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Hierarchically low-rank matrices, fast multipole methods, Kronecker factorization, decomposition, matrix-vector, linear alegbra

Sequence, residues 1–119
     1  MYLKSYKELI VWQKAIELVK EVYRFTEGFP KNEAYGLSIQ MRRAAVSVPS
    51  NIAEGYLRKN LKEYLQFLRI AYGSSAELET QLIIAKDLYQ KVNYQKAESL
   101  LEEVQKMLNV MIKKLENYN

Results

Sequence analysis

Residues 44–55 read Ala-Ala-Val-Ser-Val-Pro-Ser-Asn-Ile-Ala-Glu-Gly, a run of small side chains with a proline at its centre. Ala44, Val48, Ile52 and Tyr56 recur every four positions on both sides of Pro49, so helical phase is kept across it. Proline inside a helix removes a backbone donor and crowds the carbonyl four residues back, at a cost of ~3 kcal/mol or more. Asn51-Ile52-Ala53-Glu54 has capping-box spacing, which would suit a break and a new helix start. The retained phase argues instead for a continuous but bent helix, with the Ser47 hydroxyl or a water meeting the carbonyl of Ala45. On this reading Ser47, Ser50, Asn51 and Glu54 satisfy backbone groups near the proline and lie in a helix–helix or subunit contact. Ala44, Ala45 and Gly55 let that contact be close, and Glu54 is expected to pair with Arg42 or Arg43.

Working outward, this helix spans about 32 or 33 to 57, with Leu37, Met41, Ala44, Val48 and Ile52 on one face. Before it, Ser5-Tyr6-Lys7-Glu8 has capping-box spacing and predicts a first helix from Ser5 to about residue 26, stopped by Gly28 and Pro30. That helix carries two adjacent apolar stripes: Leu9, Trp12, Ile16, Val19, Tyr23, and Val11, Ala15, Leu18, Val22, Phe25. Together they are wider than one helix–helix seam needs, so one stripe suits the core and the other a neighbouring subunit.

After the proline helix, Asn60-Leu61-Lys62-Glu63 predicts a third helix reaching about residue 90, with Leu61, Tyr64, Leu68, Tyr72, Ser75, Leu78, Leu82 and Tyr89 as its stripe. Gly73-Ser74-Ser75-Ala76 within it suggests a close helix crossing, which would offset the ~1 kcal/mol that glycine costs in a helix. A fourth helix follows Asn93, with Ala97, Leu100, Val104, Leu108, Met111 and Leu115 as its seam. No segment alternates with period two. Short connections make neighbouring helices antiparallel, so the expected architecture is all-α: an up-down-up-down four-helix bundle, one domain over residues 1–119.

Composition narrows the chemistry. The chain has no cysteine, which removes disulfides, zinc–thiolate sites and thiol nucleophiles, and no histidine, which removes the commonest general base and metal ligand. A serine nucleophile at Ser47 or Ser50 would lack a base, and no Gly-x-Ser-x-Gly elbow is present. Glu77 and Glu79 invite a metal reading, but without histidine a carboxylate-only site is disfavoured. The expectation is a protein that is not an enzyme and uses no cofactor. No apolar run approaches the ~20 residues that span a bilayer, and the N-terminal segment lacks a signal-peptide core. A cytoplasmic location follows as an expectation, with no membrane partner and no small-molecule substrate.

Exploiting structures of matrices goes beyond identifying their non-zero patterns. In many cases, dense full-rank matrices have low-rank submatrices that can be exploited to construct fast approximate algorithms. In other cases, dense matrices can be decomposed into Kronecker factors that are much smaller than the original matrix. Sparsity is a consequence of the connectivity of the underlying geometry (mesh, graph, interaction list, etc.), whereas the rank-deficiency of submatrices is closely related to the distance within this underlying geometry. For high dimensional geometry encountered in data science applications, the curse of dimensionality poses a challenge for rank-structured approaches. On the other hand, models in data science that are formulated as a composition of functions, lead to a Kronecker product structure that yields a different kind of fast algorithm. In this lecture, we will look at some examples of when rank structure and Kronecker structure can be useful.


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